o Lymphocytes and macrophages
proliferating cells, not neutrophils

Some cases: due to defective desquamation


o Edema
X-linked form: deficiency of steroid sulfatase - accumulation of cholesterol sulfate

Promote compaction and aggregation of S. corneum cells


URTICARIA
Autosomal dominant or recessive
o Localized mast cell degranulation leading to dermal microvascular hyperpermeability
Compacted, thickened stratum corneum (hyperkeratosis) mostly genetic,
(edema)
may be acquired
Loss of normal basket-weave pattern
o Forms
increased permeability of blood vessels

IgE-dependent: Ag exposure

IgE-dependent: drugs, chemical *IgE-independent

Complement-mediated: Hereditary angioneurotic edema (HAE): C1 deficiency


o Basic lesions: wheals

Papules to plaques

ICHTHYOSIS

Papules

Wheal

Can be compounded by bacterial infection

HISTOLOGY
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Widely spaced collagen bundles due to dermal edema


Dilated lymphatic channels: lymphangiectasia
Epidermis is normal

SURGICAL PATHOLOGY: DISEASES OF THE SKIN


Dr. Christine Ayochok | August 19, 20154

ACUTE ECZEMATOUS DERMATITIS


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wet inflammatory skin lesion

Eczema: blistering disease


Papulovesicular, oozing, red, crusted lesions
Progress to scaling plaques due to acanthosis and hyperkeratosis (chronic)
Categories based on initiating factors

Allergic contact dermatitis

Atopic dermatitis -high IgE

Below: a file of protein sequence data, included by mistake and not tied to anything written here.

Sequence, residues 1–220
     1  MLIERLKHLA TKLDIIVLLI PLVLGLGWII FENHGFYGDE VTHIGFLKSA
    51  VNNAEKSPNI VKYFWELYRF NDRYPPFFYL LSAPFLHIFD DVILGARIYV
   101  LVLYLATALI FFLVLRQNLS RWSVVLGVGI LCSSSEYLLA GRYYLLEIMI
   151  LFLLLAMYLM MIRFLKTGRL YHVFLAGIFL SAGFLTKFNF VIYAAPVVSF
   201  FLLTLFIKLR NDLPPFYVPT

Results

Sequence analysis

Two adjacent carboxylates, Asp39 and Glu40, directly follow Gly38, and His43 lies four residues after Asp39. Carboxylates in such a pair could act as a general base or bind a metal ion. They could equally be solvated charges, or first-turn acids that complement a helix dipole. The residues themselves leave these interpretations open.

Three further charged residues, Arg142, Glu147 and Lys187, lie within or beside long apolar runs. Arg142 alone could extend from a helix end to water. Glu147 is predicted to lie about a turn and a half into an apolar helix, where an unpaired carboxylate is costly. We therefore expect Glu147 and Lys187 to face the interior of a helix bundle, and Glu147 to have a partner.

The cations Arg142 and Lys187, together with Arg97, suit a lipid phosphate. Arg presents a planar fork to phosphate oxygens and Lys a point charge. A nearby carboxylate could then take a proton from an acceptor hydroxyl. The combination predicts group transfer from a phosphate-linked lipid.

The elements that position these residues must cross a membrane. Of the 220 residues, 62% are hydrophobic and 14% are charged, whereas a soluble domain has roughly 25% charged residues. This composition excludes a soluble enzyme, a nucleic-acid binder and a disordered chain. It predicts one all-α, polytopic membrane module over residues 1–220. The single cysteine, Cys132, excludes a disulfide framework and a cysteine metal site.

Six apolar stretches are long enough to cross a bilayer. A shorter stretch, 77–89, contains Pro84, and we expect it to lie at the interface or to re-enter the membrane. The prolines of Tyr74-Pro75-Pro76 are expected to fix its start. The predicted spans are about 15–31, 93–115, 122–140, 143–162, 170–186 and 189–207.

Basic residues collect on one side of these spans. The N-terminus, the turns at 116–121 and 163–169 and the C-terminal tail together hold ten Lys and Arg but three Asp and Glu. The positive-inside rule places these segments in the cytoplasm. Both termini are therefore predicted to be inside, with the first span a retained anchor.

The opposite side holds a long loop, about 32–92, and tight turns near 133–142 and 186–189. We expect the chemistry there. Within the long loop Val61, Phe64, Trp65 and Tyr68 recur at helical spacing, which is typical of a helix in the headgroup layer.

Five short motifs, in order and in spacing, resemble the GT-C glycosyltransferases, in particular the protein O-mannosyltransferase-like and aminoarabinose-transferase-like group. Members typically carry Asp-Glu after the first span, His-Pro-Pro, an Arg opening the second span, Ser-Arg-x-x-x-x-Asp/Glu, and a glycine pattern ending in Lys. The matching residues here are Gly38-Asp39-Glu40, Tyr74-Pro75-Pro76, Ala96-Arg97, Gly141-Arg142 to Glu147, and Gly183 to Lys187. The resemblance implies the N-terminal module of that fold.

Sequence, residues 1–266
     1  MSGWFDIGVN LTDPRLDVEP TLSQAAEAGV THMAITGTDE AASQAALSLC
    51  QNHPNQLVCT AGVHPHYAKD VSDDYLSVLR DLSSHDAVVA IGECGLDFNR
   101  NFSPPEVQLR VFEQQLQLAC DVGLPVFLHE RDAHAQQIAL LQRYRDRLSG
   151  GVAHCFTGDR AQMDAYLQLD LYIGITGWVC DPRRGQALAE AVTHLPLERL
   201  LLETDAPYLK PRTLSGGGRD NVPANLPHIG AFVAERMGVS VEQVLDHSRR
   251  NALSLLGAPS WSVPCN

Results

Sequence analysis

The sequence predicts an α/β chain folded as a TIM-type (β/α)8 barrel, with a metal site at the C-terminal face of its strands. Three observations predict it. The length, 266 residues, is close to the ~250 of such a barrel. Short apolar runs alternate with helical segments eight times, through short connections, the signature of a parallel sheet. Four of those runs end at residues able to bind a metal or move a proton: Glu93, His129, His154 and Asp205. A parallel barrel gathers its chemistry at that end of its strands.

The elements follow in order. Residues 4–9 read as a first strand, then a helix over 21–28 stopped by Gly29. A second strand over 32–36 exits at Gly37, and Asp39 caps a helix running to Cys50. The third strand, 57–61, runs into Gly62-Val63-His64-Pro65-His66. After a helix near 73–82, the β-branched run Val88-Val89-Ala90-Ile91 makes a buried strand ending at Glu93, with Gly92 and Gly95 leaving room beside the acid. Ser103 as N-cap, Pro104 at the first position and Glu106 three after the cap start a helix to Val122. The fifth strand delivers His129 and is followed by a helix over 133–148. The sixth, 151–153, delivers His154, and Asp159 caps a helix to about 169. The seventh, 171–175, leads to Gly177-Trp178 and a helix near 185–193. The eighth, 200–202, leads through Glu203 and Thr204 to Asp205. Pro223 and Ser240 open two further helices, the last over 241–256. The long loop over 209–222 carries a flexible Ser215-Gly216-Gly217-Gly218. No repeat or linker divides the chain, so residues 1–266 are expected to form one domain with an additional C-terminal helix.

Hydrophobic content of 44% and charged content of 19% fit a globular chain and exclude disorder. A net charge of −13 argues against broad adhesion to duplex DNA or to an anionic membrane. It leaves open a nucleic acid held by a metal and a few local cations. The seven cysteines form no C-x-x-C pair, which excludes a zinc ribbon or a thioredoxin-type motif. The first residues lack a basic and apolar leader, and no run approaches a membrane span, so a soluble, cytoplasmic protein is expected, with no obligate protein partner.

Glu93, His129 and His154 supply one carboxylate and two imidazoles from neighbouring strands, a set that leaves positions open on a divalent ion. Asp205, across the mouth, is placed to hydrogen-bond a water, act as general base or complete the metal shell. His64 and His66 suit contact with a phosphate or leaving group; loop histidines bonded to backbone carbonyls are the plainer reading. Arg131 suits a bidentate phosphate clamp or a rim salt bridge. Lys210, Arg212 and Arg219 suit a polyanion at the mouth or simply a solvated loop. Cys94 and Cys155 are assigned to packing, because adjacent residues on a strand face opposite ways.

Drug-related

Photoeczematous
light

Primary irritant
ex. radioactive dyes
Ag taken by Langerhans cells
Presented to CD4+ T-cells: effector and memory T cells
Re-exposure to Ag: memory T-cells go to site - release cytokines and chemokines
Hallmark: spongiosis - edema in the epidermis

Spongiotic dermatitis
When edema is severe may lead to intraepidermal vesicles

ERYTHEMA MULTIFORME
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noted fungal infections:


HSR to infections or drugs
cystoplasmosis
Associated with:
coccidiomycosis

Infections: herpes, typhoid, leprosy

Drugs: PCN, sulfonamides

Malignancy: carcinoma, lymphoma

Collagen vascular disease: lupus and polyarteritis


nodosa (PAN)
Immune-mediated epidermal cell injury

Cell death by CD8+ T-cells (central part of lesion) and


CD4+ T-cells and Langerhans cells at the erythematous
periphery
Multiform lesions: macules, papules, bullae, vesicles
Target lesion: red macule/papule with pale or eroded
center

Target lesions

VARIANTS:
STEVENS JOHNSON SYNDROME
o Erosions, hemorrhagic crusts
o Confined to lips and oral mucosa
o Secondary bacterial infections: sepsis DANGER!

Oozing stage (multiple blisters)

Erythematous blistering lesions

Plaque stage

lichenification

TOXIC EPIDERMAL NECROLYSIS (TEN)


burnt-like
o Diffuse necrosis
o Sloughing of cutaneous/mucosal epithelial surfaces
o Hallmark: interface dermatitis

Dermal edema

Lymphocytes at the DEJ

Dying/dead keratinocytes
o Progression: lymphocytes go up to epidermis
o Blister formation in the epidermis due to necrosis
o With necrosis of keratinocytes: formation of intraepidermal vesicles
Left:
Stevens Johnson Syndrome
Right: TEN
DDx: Burn

Green: Inflammatory response


Blue: spongiosis
Red: Dean keratinocyte
Green: Inflammatory infiltrate
Blue: DEJ

Arrows: intraepidermal vesicles

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Formation of intraepidermal vesicles


because of necrosis